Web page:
Uruz Project

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Artist impression of an aurochs bull found in Braunschweig, Germany

The Uruz Project is an international scientific project with the goal of breeding back the extinct aurochs (Bos p. primigenius). Uruz is the old Germanic word for aurochs. The Uruz Project was initiated in 2013 by the True Nature Foundation[1] and presented at TEDx DeExtinction, a day-long conference[2] organised by the Long Now Foundation with the support of TED and in partnership with National Geographic Society,[3] to showcase the prospects of bringing extinct species back to life. The de-extinction movement itself is spearheaded by the Long Now Foundation.

Technically, Bos primigenius is not wholly extinct. The wild subspecies B. p. primigenius, indicus and africanus are, but the species is still represented by domestic cattle. Most, or all, of the relevant Aurochs characteristics, and therefore the underlying DNA, needed to "breed back" an aurochs-like cattle type can be found in B. p. taurus. Domestic cattle originated in the middle east, and there also has been introgression of European aurochs into domestic cattle in ancient times.[4] The Uruz Project’s goal is to collect all relevant data and reunite scattered aurochs characteristics, and thus DNA, in one animal.

The project differs from other, historical and more recent, aurochs breeding projects in that it combines genomics and classic Mendelian rules of inheritance to develop the most effective breeding strategy. Primitive founder cattle breeds are carefully selected and the number of cattle breeds used is kept to a minimum.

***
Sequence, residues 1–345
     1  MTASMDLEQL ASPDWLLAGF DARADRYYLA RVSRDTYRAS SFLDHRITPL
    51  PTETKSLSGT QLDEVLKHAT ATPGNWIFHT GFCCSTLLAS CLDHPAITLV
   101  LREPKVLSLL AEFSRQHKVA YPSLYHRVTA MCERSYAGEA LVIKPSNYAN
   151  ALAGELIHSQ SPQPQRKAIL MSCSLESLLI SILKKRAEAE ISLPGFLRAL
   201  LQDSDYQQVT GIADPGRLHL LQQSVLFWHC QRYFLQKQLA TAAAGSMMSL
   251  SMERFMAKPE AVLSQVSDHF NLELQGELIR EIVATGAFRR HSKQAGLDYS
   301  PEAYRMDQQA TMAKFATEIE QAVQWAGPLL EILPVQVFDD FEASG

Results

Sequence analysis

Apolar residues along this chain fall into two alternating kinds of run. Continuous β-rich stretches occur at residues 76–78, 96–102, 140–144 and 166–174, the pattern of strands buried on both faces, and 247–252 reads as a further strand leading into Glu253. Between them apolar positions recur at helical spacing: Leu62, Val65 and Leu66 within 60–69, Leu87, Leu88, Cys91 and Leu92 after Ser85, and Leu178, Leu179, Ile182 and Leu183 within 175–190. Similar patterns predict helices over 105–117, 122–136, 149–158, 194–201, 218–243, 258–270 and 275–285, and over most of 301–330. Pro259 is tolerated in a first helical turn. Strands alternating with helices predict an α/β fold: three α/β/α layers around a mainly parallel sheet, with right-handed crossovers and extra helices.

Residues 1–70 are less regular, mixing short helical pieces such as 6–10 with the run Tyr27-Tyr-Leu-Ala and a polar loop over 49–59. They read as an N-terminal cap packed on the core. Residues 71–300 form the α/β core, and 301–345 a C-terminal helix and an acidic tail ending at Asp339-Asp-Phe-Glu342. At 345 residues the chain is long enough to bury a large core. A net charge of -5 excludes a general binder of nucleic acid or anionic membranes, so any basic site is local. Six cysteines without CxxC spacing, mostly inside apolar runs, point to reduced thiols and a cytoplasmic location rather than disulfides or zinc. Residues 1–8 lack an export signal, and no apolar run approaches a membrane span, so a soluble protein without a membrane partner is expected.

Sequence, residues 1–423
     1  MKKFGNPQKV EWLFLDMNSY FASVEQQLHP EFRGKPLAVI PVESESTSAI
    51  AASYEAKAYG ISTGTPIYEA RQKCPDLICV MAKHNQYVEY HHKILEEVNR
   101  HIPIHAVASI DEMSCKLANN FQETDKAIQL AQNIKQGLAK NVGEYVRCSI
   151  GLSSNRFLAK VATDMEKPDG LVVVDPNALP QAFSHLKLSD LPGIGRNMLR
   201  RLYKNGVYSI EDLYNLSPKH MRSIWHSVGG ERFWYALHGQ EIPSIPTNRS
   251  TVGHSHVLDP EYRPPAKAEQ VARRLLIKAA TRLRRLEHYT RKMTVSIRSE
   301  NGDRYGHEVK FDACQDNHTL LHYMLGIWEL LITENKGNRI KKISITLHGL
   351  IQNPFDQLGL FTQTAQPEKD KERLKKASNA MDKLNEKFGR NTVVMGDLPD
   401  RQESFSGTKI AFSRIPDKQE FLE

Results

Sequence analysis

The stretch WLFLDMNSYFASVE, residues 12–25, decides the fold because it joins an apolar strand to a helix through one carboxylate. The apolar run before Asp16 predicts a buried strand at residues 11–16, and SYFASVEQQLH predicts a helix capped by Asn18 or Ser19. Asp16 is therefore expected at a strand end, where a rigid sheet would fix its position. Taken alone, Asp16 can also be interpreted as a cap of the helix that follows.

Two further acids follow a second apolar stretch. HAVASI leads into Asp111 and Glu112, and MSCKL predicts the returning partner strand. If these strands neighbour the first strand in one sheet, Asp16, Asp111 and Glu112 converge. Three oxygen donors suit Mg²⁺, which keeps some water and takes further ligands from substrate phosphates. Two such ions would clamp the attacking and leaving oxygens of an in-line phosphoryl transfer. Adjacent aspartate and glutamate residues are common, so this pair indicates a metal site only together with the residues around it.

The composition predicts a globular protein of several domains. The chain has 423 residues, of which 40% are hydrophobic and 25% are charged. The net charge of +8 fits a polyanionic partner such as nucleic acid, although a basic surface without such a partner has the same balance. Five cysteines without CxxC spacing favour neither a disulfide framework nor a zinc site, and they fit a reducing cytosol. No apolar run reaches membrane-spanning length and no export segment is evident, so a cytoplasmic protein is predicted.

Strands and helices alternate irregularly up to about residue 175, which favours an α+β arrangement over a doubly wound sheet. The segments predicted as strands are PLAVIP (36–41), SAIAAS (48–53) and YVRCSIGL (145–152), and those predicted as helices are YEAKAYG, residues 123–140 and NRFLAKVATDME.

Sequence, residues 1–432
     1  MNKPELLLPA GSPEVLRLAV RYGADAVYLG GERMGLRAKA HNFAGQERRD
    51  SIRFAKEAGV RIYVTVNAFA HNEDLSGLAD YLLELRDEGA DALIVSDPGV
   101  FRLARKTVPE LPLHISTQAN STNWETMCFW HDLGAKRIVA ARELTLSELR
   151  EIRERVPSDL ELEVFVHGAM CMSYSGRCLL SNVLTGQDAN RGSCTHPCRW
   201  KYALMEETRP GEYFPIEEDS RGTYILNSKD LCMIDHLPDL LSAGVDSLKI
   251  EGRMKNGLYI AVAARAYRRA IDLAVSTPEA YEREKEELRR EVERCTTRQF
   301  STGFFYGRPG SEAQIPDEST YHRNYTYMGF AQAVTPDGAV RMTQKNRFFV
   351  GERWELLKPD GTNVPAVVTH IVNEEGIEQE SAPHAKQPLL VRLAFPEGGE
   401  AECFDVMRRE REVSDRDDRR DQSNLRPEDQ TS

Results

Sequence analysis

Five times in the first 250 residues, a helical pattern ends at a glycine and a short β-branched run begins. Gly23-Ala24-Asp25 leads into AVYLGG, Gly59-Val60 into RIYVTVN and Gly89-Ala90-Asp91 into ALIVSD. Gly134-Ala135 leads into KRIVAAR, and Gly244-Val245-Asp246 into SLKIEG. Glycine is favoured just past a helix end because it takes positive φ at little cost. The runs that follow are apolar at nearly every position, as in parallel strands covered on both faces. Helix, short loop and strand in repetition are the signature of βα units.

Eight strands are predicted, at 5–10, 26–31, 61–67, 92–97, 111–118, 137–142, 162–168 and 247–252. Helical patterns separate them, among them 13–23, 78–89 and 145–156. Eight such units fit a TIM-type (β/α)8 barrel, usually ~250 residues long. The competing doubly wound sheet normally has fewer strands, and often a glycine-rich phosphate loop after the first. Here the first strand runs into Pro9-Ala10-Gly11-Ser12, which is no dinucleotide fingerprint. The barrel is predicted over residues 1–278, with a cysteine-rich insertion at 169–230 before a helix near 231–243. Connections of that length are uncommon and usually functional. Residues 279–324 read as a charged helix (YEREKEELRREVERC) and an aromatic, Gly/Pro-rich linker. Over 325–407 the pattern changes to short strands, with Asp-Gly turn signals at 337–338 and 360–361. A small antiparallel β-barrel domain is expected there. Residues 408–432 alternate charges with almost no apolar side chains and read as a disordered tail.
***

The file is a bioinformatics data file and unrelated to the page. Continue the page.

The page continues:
Aurochs in a cave painting in Lascaux, France

Ecological restoration projects cannot be complete without bringing back those key elements that help shape and reshape wild landscapes. The European aurochs (Bos p. primigenius) was a large and long-horned wild bovine herbivore that existed from the most western tip of Europe until Siberia in present day Russia. Aurochs have played a major role in human history. They are often depicted in rock-art, including the famous, well-conserved cave paintings made by Cro-Magnon people in the Lascaux Caves, estimated to be 17,300 years old. Aurochs and other large animals portrayed in Paleolithic cave art were often hunted for food. Hunting and habitat loss caused by humans, including agricultural land conversion, caused the aurochs to go extinct in 1627, when the last individual, a female, died in Poland’s Jaktorów Forest.[5]

The former distribution range of the Aurochs

The aurochs is one of the keystone species that is missing in Europe. Their grazing and browsing patterns, trampling of the soil and faeces had a profound impact on the vegetation and landscapes it inhabited. Grazing results in a greater variety of plant species, structures and ecological niches in a landscape that benefit both biodiversity and production.[6] Megaherbivores like the aurochs also controlled vegetation development.[7] The Uruz Project ultimate goal is to breed back the aurochs to re-create, maintain and enhance the biodiversity and characteristics of natural ecosystems in Europe.

Breeding Strategy[edit]

The Uruz Project aims to breed an aurochs-like breed of cattle from a limited number of carefully selected primitive cattle breeds with known Aurochs characteristics. The project uses Sayaguesa cattle, Maremmana primitiva or Hungarian grey cattle, Chianina and Watusi. The DNA of the Aurochs has been completely reconstructed and serves as the baseline for the reconstruction of the Aurochs.[4][8]

The project plans to use aurochs DNA data to evaluate breeding results and genome editing, a new field of science, to eliminate wrong genes so that characteristics that are not aurochs-specific will not inherit and return in later generations.